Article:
We need to learn to accept responsibility for our actions. How many hours of counseling could be avoided if people would simply deal with the fundamental question of personal choice? How much emotional distress is really an attempt at self-justification because we don’t want to admit that what we are suffering is the direct result of what we did wrong?

Peter emphasizes this point in today’s Scripture. The suffering we experience because of wrong doing is not to be a part of the Christian’s life. We are to steer clear of murder and stealing or any other kind of criminal behavior. We should also never suffer because we have meddled. Some of you will think I’m meddling just to address the issue of meddling.

The Greek word for meddling is full of meaning. Thayer’s Greek Dictionary defines it as “one who takes the supervision of affairs pertaining to others and in no wise to himself.” My mom always reminded me of this truth when she would simply say “MYOB.” I had been taught what that means – Mind your own business. She was reminding me that I am not in control, and I have no right to assume control of other people’s lives. It is not my spiritual gift – in fact there is no spiritual gift or fruit of the Spirit – to meddle in other people’s lives.

No matter how you try to justify it, meddlers meddle for personal benefit while disciples of Jesus involve themselves in people’s lives for the benefit of others.  Jesus never meddled – He served.

Maybe we meddle because it provides us with a sense of accomplishment, value, worth, or purpose. Unfortunately, control freaks populate the church, when God alone is responsible for outcomes.

But how do meddlers suffer? Well, primarily they suffer from a lack of personal intimacy with others. They cannot find true peace in their hearts because their identity is wrapped up in what they can do to change others. And people don’t change easily, so it seems like their work is never done. Besides that, nobody likes a meddler who seeks to control them. Meddlers are lonely. And to top it all off, they blame their loneliness on others: it’s other people’s fault for not being more loving, more compassionate, more concerned, or more friendly.  If only they would take responsibility for their own suffering.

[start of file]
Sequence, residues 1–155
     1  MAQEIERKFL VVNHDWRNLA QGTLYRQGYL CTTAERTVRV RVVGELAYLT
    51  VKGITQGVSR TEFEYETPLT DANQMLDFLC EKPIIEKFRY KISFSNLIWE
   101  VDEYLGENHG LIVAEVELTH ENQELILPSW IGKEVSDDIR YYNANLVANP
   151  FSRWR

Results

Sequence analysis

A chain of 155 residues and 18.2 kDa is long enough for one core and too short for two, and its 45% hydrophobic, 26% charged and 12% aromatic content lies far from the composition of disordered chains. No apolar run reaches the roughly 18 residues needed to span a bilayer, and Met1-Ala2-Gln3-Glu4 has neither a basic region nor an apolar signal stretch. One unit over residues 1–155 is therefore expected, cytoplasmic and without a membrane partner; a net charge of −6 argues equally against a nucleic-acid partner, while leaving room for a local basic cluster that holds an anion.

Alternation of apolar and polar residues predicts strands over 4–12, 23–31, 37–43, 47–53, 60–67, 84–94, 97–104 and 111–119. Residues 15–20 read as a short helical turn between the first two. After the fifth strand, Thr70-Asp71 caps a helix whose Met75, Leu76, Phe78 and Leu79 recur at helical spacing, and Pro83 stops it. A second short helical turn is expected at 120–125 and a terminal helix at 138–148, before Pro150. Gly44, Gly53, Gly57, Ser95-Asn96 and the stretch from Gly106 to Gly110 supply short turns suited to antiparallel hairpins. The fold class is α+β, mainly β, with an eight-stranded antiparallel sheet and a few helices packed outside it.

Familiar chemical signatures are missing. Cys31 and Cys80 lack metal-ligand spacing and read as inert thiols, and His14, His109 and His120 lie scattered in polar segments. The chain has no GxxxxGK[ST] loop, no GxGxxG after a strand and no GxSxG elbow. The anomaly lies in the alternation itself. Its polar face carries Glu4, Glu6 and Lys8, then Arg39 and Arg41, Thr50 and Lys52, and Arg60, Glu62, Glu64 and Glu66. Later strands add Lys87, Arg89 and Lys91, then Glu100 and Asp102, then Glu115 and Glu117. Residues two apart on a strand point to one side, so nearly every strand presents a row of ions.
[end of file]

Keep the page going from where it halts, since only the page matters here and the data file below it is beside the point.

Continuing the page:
Yesterday we quoted from a book entitled The Imitation of Christ. In another part of that book, Thomas a Kempis writes, “We might have much peace if we would not meddle with other people’s sayings and doings.”

If you are suffering because of wrong, then endure it and learn from it. If you are suffering because you are doing what you think is right, then you’d better check two things – does God’s Word says it’s right, and are your motives for doing it sincere. Pure and sincere motives are ALWAYS based on doing what’s best for others, not for self. If you’re suffering for doing that, then rejoice that you are in the company of Christ.

Pastor John